May 23, 2011 | Unregistered CommenterLori

Lori: Hope U win your lawsuit. The TSA R nothing more than rapists. Everyone needs to strand up and SCREAM!

May 28, 2011 | Unregistered CommenterJennifer Page

I just saw the coverage of your video at the airport by RT on the way they have treated you and I find it really disgusting and violating and I really sympathize with you a lot!
I come from the Netherlands and I cannot imagine that our own government would do something like that to us
or to anyone for that matter!
My love and strength to you and I hope your voice and the voice of all people with the same
experience is going to be heard!! - Theo

June 2, 2011 | Unregistered CommenterTheo W.

IMO this has little if anything to do with fighting terrorists and everything to do w/milking more money out of the American taxpayer and into the pockets of gvt officials and their friends. Although our gvt has a long proven track record of milking the taxpayer, IMO compromising our health and dignity to do it is stepping so far over the line we're losing track of where the line is and the courts seem to be as much in the pockets of big business as the rest of the American Gvt. Google Michael Chertoff and Rapiscan to find out what's really going on, it's very sad and the only way I see out of this mess is to severely shrink the federal gvt.

June 23, 2011 | Unregistered CommenterIntelligent Donkey

"Why of course the people don't want war ... But after all it is the leaders of the country who determine the policy, and it is always a simple matter to drag the people along, whether it is a democracy, or a fascist dictatorship, or a parliament, or a communist dictatorship ... Voice or no voice, the people can always be brought to the bidding of the leaders. That is easy. All you have to do is to tell them they are being attacked, and denounce the pacifists for lack of patriotism and exposing the country to danger." — Hermann Goering, Nazi leader, at the Nuremberg Trials after World War II

911weknow com infowars com henrymakow com wearechange org pressfortruth ca
wake up the patriot act was created to use against the american PEOPLE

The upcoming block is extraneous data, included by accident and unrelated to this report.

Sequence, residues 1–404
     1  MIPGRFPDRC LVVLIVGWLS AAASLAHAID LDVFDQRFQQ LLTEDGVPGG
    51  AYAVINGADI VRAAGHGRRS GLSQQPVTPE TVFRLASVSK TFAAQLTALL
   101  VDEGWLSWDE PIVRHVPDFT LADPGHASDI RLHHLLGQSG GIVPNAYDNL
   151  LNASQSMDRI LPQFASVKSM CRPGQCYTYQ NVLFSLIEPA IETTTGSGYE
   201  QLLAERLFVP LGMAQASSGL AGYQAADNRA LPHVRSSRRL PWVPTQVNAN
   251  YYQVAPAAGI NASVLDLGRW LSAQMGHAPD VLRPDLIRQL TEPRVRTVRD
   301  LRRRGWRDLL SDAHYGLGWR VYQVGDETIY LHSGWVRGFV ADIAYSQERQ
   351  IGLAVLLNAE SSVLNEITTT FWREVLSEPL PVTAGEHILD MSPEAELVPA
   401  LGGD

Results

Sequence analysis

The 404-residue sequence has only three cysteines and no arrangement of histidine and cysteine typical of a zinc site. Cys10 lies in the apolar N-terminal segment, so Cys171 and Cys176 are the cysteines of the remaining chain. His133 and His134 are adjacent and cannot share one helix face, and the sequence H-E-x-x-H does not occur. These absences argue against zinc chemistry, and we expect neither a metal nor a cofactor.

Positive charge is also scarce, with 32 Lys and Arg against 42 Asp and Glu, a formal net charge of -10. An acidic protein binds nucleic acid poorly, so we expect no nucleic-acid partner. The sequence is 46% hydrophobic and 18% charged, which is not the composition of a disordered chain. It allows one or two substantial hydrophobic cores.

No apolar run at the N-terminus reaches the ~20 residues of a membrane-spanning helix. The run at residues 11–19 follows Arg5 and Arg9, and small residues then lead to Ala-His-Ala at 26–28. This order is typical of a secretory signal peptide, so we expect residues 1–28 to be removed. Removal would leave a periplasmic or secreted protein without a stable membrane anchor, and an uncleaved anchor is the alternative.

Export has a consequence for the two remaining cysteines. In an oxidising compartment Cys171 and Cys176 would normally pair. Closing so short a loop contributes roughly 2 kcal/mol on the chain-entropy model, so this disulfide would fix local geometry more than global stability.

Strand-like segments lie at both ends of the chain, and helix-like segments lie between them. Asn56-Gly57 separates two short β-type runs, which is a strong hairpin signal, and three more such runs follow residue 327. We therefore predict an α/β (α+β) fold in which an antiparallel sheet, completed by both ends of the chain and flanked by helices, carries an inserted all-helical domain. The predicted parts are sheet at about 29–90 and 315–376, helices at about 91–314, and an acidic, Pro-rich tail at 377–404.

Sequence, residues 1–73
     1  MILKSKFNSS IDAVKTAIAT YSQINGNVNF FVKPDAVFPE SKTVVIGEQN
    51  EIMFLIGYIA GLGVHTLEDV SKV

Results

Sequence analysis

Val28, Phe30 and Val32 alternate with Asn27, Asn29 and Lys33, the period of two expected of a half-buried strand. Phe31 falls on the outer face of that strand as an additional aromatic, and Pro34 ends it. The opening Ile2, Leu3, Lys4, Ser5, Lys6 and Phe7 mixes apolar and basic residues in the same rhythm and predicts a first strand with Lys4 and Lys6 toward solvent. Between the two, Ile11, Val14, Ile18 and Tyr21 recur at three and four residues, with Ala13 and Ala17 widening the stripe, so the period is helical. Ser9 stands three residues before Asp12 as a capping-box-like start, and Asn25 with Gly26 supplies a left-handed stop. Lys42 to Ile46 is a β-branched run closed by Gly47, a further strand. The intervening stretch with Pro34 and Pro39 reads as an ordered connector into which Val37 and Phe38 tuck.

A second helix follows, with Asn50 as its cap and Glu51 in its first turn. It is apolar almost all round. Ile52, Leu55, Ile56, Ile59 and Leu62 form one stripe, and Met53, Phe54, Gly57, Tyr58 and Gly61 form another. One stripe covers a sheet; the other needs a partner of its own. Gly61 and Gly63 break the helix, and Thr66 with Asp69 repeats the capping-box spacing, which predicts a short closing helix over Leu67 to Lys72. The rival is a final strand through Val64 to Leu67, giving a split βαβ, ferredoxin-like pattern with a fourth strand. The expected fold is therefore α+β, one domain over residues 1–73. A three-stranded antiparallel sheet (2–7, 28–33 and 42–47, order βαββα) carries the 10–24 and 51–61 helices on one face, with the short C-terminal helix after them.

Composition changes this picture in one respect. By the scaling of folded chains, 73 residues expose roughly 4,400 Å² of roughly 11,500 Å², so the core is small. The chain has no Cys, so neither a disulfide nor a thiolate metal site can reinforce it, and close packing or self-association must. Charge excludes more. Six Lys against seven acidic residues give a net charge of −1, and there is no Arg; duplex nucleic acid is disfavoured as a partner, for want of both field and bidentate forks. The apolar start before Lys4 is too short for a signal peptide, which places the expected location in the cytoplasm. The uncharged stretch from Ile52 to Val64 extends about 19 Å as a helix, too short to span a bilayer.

June 23, 2011 | Unregistered Commenterrobert

I want thousands, millions of Americans to stand up with you, Miss USA and say: The people shall be secure in their persons, papers, homes and effects from unreasonable search and seizure.

Thank you Suzie for give voice to what we all feel.

Freedom is not freedom if we must choose between radiation and molestation. The patriot act does to our electronics what the TSA folks did to your private parts.

The fourth amendment would protect us from such affronts, if we demanded the constitution be honored, as all office holder have vowed. I hope you lead both parties to remember our center, Miss USA.

June 23, 2011 | Unregistered CommenterDavid Bean

Last September I flew to the US and was told to go through the body scanner twice plus they gave me a pat down as well. On reflection I should have refused the second body scanner at least but the whole experience of going through security especially in the US is both stressful and intimidating. Five months later, I developed areas of potentially dangerous melanoma on my skin. There could, of course, be no connection but it has made me think. To this day, I do not know why I was required to go through the scanner twice and wonder if this means it was twice as dangerous?

July 1, 2011 | Unregistered CommenterDavina Green

I think you are overreacting to the female TSA agent contacting your personal parts with the side or back of her hand. You are a very attractive woman and have capitalized on that to a large degree. I have to say, looking at your photos the thought of patting you down crossed my mind and lingered there for some time. I agree that x-rays are a danger regardless of where you get them. If you travel, you're also going to get natural radiation and it's probably more than you'd be comfortable with. Back to the TSA, I don't think it's anything to cry about unless it was some kind of sexual experience for you. Body parts are body parts, nothing more. I keep telling myself that, but you're so damned cute.

February 14, 2013 | Unregistered CommenterPat Down